Why resistance training is very effective for weight loss
Resistance training is very effective for weight loss because it helps you burn more calories overall than cardio exercises. If done properly, it also helps build muscles that increase resting metabolism, i.e. increasing the basal metabolic rate. In particular:
- Resistance training burns more calories than cardio. Although resistance training burns less calories than cardio during the actual exercise, your body will burn more calories in the hours or days after a resistance training exercise compared to a cardio exercise [13, 14, 15, 16, 17, 18]
- Resistance training helps build muscles which increase resting metabolism. Research has shown that resistance training can significantly increase the resting metabolism, or how many calories you burn when not exercising. This is because muscles burn more calories at rest than fat and some other tissues. The resting metabolic rate of skeletal muscle was 12.6 compared to only 4.4 for adipose tissue and 11.6 for most other tissues, i.e. muscles burn nearly 3 times more calories than fat tissues.
Though cardio exercises can build muscles to some extent, they generally don’t provide the kind of progressive overload that resistance training can that stimulates and sustains muscle growth.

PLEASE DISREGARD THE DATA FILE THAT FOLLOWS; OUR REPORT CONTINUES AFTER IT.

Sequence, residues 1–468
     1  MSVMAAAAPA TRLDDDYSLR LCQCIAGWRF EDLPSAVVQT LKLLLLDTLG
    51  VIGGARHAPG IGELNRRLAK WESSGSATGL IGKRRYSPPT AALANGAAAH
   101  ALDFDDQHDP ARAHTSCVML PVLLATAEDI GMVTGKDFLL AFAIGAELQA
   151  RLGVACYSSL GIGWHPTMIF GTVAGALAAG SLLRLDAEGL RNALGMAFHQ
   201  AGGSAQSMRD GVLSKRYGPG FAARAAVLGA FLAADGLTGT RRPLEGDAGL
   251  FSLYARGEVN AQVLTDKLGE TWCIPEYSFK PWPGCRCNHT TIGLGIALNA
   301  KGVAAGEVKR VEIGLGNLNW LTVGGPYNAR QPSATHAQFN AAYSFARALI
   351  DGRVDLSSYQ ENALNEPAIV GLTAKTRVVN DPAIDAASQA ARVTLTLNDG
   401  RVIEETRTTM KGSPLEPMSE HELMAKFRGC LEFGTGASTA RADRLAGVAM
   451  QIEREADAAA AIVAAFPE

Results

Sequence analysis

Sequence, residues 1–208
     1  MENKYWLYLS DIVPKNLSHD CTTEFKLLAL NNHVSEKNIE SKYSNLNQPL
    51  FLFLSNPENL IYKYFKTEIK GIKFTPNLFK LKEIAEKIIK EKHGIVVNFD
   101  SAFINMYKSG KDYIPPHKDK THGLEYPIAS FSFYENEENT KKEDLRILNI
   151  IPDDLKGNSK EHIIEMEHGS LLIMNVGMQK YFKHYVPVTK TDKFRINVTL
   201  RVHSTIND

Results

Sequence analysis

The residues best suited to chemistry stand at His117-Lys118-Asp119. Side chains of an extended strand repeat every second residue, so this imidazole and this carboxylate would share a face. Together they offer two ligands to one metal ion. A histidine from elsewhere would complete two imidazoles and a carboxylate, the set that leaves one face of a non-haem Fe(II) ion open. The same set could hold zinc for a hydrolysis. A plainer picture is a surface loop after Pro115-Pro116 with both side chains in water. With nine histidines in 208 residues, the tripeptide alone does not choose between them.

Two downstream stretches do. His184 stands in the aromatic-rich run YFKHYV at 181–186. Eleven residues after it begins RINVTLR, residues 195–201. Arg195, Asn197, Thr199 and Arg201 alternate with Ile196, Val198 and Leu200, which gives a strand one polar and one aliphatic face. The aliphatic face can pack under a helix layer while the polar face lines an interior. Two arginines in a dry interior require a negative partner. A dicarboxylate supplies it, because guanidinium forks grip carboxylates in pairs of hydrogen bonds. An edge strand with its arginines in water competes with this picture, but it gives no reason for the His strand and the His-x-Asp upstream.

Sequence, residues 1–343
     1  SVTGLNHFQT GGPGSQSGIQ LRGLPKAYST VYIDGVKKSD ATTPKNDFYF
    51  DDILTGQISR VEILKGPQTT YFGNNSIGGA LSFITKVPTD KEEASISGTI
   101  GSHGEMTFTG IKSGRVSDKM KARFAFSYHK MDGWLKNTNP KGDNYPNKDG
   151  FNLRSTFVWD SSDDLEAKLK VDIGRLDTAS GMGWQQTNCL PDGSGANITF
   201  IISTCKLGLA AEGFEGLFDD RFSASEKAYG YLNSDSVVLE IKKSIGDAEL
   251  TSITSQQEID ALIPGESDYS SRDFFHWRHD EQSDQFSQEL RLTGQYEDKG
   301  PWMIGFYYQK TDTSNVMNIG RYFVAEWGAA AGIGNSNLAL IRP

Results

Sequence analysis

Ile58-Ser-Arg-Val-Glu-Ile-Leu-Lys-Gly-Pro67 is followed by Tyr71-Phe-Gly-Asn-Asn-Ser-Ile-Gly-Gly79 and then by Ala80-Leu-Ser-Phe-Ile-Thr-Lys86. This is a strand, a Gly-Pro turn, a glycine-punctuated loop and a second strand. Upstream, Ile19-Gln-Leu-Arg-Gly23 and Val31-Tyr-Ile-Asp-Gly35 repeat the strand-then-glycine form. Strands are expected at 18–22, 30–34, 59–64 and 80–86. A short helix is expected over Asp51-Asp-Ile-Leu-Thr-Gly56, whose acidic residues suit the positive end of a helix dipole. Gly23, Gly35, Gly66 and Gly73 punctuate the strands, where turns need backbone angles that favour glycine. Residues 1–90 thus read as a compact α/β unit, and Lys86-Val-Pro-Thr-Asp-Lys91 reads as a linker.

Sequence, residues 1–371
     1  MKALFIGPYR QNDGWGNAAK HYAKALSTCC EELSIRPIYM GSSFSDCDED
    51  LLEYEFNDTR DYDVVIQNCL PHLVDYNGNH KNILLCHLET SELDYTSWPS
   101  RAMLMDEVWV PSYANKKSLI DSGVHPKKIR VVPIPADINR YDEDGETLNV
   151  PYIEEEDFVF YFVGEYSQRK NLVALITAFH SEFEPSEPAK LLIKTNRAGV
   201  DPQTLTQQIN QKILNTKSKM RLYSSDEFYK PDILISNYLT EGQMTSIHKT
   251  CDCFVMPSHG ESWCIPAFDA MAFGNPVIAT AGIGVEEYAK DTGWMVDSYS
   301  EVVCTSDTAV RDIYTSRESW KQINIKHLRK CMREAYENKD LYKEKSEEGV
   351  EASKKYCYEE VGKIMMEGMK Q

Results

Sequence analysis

Resistance training also has many benefits beyond weight loss including better body composition, stronger bones, improved mobility and balance, improved cognitive function, better sleep quality, and increased self-esteem.
How to resistance train correctly to build muscles?
To build muscles with resistance training, follow the 4 simple but fundamental rules below:
- Create sufficient resistance for your muscles. As mentioned above, your muscles won’t grow if the resistance force is not sufficient. By lifting weights heavy enough, for example, you cause micro tears in the muscle fibers. Your body will then work to repair these tears and result in muscle growth
- Feed your muscles properly. Your body needs the right material to repair those micro tears for muscle growth and the best is high quality proteins. If you are already on the carnivore diet, you don’t have to worry about this, you are eating the best quality proteins possible already